Yes, it's fine to put the introduction and overview together as one paragraph. Just make sure that your overview
is good because it's an important part of your essay.
5. Can we use quotations in writing task 2 and the speaking test?
Personally I don't recommend including quotations because it's difficult to use them in a natural and relevant
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way. It usually seems like the student has 'forced' the quotation into his/her work, and this won't impress the
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Sunday, November 18, 2012
IELTS Band 9 (continued)
Following on from yesterday's lesson, let's look at why the answers I wrote on Friday were at band 9 level. Here
are two reasons:
- Quality of language: rich vocabulary and detailed description
- Answers are relevant and well developed, with opinions and examples
For me, these are the two main things to focus on if you want to get a higher score in IELTS speaking or writing.
If you thought that grammar and linking were the most important things, you need to change your approach!
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Saturday, November 17 , 2012
IELTS Band 9
People often ask what makes a band 9 answer in the writing and speaking tests. The answers I wrote in
yesterday's speaking lesson are definitely at band 9 level. Can you explain why?
Feel free to suggest some reasons in the 'comments' area below this lesson. I'll add my own explanation
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Sunday, November 11, 2012
IELTS Advice: vocabulary review
It's useful to review the words and phrases you learn each week. Here's a quick list of some vocabulary from this
week's lessons on the blog:
a pressing issue
the provision of
over the course of (+ time)
a calendar year
Try writing a simple sentence with each of the above phrases. Check the meaning of each one in a dictionary first
if you're not sure.
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Saturday, November 10, 2012
Students' questions
1. Is it a good idea to write 60 to 80 words for my task 2 introduction?
Personally I wouldn't write that many words for the introduction. The main body paragraphs are much more
important, so I would spend more time on those.
2. Which verb tense should I use to describe a film or novel?
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We normally use the present simple to describe what happens in a film or novel e.g. "the film is about a man who
travels to..."
3. The sentences in your ebook are all quite short. Do I need to write some longer, more
complex sentences too?
Yes. I tried to limit the length of sentences in the ebook because I wanted to focus on ideas and vocabulary.
However, it's easy to make longer, complex sentences by joining two or three ideas together. Remember that
long sentences are not necessarily considered 'difficult'. Good writing tends to involve a mix of long and short
4. Is it ok to introduce myself when writing a complaint letter (GT task 1)?
Yes, that would be fine.
5. Are the academic and general listening tests different?
No, there are no differences in either the listening or the speaking tests.
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Sunday, November 04, 2012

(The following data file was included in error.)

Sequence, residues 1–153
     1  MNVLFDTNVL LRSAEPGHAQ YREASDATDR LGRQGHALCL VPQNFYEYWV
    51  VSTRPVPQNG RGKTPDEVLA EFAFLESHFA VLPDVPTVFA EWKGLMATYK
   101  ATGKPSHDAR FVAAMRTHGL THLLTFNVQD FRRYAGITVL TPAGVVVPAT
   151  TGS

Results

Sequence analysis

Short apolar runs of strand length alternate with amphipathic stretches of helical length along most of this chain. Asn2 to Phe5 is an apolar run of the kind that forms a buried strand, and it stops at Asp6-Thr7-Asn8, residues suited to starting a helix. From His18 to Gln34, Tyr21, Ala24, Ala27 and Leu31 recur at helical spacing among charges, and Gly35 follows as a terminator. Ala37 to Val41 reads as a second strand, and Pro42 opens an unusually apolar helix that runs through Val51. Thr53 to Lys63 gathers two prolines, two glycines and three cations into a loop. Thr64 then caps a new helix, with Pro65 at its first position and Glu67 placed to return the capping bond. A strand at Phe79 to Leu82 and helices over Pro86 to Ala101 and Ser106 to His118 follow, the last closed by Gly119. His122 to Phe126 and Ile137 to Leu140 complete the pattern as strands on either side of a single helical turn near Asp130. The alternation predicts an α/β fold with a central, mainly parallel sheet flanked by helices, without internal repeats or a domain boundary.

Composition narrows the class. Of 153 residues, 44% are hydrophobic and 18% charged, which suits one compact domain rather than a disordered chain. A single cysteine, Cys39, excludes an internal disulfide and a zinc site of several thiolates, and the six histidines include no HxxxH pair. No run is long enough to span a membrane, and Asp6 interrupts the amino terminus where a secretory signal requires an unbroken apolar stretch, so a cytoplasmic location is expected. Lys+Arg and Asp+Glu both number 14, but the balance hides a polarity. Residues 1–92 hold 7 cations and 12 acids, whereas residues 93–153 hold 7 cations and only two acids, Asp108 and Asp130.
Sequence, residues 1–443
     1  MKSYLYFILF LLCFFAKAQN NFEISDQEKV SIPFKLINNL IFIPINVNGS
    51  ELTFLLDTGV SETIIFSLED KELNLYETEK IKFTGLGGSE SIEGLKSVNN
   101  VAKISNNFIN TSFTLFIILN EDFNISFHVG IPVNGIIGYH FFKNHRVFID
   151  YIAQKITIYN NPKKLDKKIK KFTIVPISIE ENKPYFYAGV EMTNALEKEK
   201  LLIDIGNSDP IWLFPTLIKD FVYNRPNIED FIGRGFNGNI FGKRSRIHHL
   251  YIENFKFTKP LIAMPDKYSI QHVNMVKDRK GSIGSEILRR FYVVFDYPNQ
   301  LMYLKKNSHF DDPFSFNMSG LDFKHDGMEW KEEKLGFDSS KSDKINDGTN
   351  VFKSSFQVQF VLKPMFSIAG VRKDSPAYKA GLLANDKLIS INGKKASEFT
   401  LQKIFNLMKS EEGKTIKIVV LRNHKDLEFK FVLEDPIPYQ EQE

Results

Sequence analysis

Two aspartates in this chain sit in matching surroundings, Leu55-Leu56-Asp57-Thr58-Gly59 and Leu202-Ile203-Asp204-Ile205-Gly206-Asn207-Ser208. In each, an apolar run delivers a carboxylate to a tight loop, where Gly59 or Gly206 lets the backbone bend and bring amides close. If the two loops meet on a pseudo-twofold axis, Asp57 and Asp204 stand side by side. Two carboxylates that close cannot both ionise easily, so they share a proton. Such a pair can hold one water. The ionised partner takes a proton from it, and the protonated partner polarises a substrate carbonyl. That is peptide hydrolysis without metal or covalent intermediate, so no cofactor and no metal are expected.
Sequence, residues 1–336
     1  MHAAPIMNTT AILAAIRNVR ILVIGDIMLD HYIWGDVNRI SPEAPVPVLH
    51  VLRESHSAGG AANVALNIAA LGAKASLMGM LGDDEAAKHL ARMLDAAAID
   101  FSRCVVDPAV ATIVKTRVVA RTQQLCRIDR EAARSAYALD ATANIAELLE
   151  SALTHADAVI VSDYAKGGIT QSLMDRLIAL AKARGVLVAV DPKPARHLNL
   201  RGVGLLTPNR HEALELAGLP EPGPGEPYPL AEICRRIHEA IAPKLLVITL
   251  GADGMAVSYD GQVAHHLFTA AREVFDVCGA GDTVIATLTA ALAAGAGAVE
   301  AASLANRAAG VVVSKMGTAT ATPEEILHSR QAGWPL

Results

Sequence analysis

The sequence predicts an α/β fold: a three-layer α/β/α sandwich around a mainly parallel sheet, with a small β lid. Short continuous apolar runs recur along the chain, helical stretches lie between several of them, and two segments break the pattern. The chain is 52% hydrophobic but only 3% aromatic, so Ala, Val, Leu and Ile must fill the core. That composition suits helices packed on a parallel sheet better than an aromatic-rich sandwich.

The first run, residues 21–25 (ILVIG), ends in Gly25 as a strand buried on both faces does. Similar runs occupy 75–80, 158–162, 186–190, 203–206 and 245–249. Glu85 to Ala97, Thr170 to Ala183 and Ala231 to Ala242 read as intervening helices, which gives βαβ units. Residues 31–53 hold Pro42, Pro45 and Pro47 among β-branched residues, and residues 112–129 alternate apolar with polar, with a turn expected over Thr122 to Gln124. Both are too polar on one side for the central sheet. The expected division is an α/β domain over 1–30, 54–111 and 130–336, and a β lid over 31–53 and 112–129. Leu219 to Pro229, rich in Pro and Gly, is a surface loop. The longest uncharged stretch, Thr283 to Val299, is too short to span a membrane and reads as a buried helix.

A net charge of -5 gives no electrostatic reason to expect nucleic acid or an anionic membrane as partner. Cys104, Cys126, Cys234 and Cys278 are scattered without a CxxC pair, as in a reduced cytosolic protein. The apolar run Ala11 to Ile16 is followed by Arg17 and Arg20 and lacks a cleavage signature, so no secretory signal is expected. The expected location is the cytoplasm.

IELTS Advice: use a dictionary
Many students make spelling, vocabulary and grammar mistakes that could be avoided if they checked their
work properly.
When practising your writing, do you have a dictionary with you? Do you check when you are not sure about
Remember, a dictionary shows more than just meanings of words. A good dictionary shows you examples of
how to use words correctly.
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Saturday, November 03, 2012
Students' questions
1. I followed your advice and used a 4-paragraph essay structure, so why didn't I get a higher
Good structure and organisation are important, but the expression of ideas is even more important. IELTS is a
language test, so the key to a high score is to express relevant ideas using good language.
2. How many bands will I lose if I only write 130 words for task 1?
I can't give an exact answer to this. The examiner will give you a lower score for 'task achievement', but you
might also lose marks for vocabulary - a shorter essay probably contains fewer examples of good language use.
3. Can I use 'double' like this: "The figure for X increased to nearly 20% in 1997, which almost
doubled its initial rate in 2000."
The use of 'doubled' is ok, but I found the whole sentence a bit confusing, maybe because the years seem to be
mixed up. Can anyone suggest a clearer way to write this sentence?
4. Can I use the word "skew" to describe numbers in task 1?
If you Google the word "skew" or "skewed", you'll see it used to describe numbers and data. However, it's only
used in certain situations, and I've never used it in an IELTS essay. I wouldn't worry about this word if I were
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5. Can I say "There were twice as many precipitation"?
No, you would need to write "There was twice as much precipitation" because 'precipitation' is an uncountable
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Saturday, October 27 , 2012
IELTS Advice: homework should be perfect!
Students often make simple mistakes that could be avoided. In exam conditions this is understandable, but there
is no excuse for making careless mistakes in your homework!